Robox by developer Dreambox is a unique side-scroller that resembles many titles from the early 1990’s. As a probe named Robox, you must run, jump and shoot your way through a hostile alien world in search of other lost probes.
As the game starts, Robox is released from a launch pad above the alien planet and plummets to the planet’s surface. This sequence can be controlled by the player, and regardless of how many times you crash into something during this sequence, Robox will remain unharmed. The descent sequence is the only segment that truly utilizes the Wii’s wireless remote technology. Once this sequence ends, the Wii remote is held in a vertical position like a standard joypad.
Once the descent sequence has ended, Robox will be left standing on the planet’s surface with no abilities. The first few minutes will be spent figuring out what needs to be done next. Eventually, it is discovered that nanobots are needed to upgrade Robox’s internal circuitry to activate certain abilities.
Each nanobot has its own unique skill. The larger nanobots are capable of breaking through barriers, while the smaller ones can jump much higher, allowing them to reach platforms essential to completing puzzles. This feature can also repair your probe (more on this in a minute) and can be accessed anytime by pressing the – button on the Wii remote.
Like the main game, the nanobot sequence follows the same 2D platform elements. Once the nanobots reach their location, the ability is activated and you are returned to the main game.
The platforming experience can be a bit frustrating at times. Robox does an admirable job of capturing the retro feel of older titles, but some elements didn’t make the transition too well. Since Robox can only shoot forward, it can be very difficult to attack airborne enemies, especially Wasps. If your vantage point isn’t good enough, the chance of hitting a wasp is slim (even while jumping). Expect to die often; luckily save points are located throughout the world.
The game is not limited to platforming elements. There are 60 pieces of amber rock and 20 gears to collect on the planet’s surface. The amber rock, for example, can be used to repair damaged circuitry. This gives the player incentive to explore the vast levels, upgrade his probe further, and even search for hidden areas.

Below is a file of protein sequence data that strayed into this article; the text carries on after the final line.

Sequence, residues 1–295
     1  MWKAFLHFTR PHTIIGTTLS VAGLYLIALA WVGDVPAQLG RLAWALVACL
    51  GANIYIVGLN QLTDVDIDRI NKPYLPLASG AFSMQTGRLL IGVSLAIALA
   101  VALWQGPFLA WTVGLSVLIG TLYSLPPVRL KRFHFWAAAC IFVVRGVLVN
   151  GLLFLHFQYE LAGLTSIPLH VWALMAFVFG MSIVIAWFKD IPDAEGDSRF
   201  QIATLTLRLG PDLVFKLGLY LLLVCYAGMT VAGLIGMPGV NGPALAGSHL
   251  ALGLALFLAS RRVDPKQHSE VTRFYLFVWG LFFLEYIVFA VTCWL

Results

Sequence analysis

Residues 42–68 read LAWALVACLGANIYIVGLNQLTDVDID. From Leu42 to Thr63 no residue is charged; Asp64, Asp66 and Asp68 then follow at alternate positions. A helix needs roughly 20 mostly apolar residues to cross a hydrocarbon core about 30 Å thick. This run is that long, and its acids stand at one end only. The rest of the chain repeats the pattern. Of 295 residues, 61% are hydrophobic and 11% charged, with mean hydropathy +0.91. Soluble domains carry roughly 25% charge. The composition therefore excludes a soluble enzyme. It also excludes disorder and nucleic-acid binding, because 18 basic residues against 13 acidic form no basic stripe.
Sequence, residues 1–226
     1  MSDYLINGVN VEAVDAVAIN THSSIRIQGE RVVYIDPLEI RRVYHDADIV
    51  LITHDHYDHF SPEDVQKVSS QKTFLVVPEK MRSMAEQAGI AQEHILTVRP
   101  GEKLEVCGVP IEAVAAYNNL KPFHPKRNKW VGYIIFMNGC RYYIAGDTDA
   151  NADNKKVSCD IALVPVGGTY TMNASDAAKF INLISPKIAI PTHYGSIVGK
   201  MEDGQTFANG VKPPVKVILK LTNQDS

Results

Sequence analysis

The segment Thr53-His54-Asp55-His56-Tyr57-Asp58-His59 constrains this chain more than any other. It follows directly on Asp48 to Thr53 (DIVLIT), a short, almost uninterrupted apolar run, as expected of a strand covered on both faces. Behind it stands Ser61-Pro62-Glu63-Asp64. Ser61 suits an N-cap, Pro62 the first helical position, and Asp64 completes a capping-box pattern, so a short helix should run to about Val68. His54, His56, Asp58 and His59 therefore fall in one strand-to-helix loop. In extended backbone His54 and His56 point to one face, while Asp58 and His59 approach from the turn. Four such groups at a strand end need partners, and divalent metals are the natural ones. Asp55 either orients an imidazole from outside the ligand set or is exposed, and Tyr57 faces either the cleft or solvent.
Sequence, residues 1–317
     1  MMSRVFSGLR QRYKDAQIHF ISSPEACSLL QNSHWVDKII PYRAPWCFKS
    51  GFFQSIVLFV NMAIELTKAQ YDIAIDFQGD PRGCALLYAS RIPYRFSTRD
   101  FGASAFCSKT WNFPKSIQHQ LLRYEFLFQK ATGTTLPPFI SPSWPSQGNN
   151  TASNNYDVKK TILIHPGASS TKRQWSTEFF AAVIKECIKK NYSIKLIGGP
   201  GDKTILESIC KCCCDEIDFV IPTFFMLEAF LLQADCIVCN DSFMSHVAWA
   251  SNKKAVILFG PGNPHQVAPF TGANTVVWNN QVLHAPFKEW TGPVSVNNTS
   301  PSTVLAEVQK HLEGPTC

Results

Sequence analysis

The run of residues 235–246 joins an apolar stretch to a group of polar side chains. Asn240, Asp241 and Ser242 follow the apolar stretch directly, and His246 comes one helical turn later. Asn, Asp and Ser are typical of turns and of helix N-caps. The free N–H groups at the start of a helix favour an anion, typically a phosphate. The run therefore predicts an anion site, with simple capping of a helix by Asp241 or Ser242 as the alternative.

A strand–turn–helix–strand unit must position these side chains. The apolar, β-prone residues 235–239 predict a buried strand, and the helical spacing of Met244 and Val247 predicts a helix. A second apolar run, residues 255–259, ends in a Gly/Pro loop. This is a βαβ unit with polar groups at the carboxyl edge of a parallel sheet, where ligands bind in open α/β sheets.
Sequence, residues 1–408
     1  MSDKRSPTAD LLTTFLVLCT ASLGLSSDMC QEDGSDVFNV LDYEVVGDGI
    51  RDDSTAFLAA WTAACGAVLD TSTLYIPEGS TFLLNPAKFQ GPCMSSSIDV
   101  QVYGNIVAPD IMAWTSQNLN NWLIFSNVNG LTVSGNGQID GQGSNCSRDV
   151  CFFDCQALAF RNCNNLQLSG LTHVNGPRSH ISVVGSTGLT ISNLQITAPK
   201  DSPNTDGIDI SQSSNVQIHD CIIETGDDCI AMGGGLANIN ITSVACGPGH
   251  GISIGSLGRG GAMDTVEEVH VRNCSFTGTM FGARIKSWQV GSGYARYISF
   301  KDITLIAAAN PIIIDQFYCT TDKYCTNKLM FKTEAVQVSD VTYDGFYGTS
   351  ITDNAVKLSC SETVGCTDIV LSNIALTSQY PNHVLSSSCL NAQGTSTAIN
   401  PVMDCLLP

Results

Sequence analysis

While some platform games are pretty straight-forward in their formula, Robox will have you searching every section of a level looking for a puzzle trigger. In an earlier level, a large mushroom sits at the bottom of a cliff. To activate this mushroom as an elevator, you must climb to the top of a tree to destroy a pillar of rocks. Later levels have you shining lights to uncover hidden platforms. There is no shortage of puzzles, and the game constantly challenges.
As a game, Robox is a daunting experience. Since your health bar is limited to three hits, surviving in the hostile alien environment requires patience and hours of practice. For newcomers unfamiliar with platform gaming from the 1990’s, Robox will be a difficult experience with unforgiving play mechanics.
Hardcore platform gamers on the other hand will find themselves enjoying the experience. With beautiful hand drawn 2D graphics, Robox by Dreambox – while not for everyone – delivers a stiff challenge for 1000 Wiipoints. If you’re looking for something different to add to your Wii game library, Dreambox has the game for you. Just remember to repair often and avoid those wasps.
Platform: Nintendo Wii (Available on WiiWare)
Price: $10US (1000 Wiipoints)
|The 2D graphics are some of the best on Wii.|
|The same song loops endlessly; some variety would have been nice.|
|Solid controls and endless puzzles round out a very difficult platform experience.|
|Robox is not for everyone. If you like your platform games on the difficult side, look no further.|